“Gee, I’d love to go with you, but I have to shop for a bridal gift. Can you imagine—I’ve left it ‘til the last minute, as usual. You know me.” This, with a hearty chuckle.
“I want to take some time off next week to have the furnace cleaned, so I don’t dare ask for tomorrow.”
And this, which would in retrospect become her favorite, “Tomorrow? Oh, we’re having a baby shower at the office and I’m supposed to give a toast. I could go with you the next day, I think. But you probably don’t want to wait, do you?” Bingo!
“Looks like it’s you an’ me, babe,” she said to the dog. “It always was.”*
People, people, people! Don’t do that to your best friend with cancer. Don’t trivialize the situation. Whenever I get up the courage to ask you to join my world however briefly, drop your petty tasks and support me. And realize I’ll see the shallow excuses for just what they are. Is it worth losing a lifelong friend to bake a batch of brownies for the church bazaar?
Never, never, never lecture me on what might have been, although “now it’s too late.” No, it’s never too late as long as there’s breath and a heartbeat, at least for me. When one of my best friends chose my chemo weakness to finally seize the upper hand, to recount all my past transgressions, to bully me into believing I somehow got what I deserved, I kicked our relationship to the curb once I could pull my boots on over my swollen feet. It’s been years since she treated me to her one-sided tirade and I don’t mourn our past friendship in the slightest. Don’t, don’t, don’t choose my temporary cancer weakness as an opportunity to play Gotcha! It’s cruel and hurtful.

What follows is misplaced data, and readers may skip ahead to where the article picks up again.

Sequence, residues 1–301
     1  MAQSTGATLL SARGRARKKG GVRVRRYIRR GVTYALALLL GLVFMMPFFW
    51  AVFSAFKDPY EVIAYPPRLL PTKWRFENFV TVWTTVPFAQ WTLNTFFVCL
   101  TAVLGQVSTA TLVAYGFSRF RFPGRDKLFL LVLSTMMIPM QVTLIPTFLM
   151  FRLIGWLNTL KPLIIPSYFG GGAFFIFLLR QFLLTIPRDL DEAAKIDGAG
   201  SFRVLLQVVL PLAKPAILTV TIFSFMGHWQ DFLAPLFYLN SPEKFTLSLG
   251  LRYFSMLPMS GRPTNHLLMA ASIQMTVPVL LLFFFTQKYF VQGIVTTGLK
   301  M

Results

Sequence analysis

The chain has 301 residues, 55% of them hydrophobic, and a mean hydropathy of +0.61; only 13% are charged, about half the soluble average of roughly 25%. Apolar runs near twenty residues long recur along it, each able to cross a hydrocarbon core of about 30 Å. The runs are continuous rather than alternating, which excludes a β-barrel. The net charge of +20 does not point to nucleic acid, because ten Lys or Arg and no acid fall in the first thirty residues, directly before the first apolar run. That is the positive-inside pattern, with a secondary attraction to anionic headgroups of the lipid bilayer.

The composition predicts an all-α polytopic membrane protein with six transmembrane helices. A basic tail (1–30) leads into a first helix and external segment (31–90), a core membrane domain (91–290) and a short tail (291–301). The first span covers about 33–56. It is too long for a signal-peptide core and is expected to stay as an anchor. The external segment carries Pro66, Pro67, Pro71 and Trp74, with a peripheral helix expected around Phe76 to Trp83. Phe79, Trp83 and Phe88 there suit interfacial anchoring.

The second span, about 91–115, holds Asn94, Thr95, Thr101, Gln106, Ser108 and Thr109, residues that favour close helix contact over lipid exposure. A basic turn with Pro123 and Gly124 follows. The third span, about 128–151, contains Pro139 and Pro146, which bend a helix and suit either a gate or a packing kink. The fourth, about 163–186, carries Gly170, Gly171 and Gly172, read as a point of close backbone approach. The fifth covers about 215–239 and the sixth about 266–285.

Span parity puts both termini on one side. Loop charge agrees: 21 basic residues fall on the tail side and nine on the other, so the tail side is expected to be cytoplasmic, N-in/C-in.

When you talk about my cancer, if dumb words should fly from your lips, own up to your stupidity. Just say, “That was dumb!” and I’ll say, “Yeah, but I know you meant well.” Don’t make a big deal of it. Don’t ask for my forgiveness as if you’ve insulted a dying person; just treat your comment as if our friendship is on normal footing and move on. I promise I will.
If you discover that I’ve had cancer, don’t say, “My Aunt Judy had cancer” and continue to explore the intricacies of “poor dear Judy’s brave battle,” reducing my own life to an adjunct, invalidating and eliminating my unique experience. Don’t do this. Instead ask, “Do you like the new cancer center? I’ve heard they have wonderful scones in the cafeteria.” Be impersonal but not dismissive. I’m not an entertaining curiosity, not a conduit for your memories of cancer-patients-you-have-known, not an object for your well-meaning pity. I’m not Aunt Judy! I’m not a damn trophy, not a another notch in your empathy-belt. Don’t. Just. Don’t.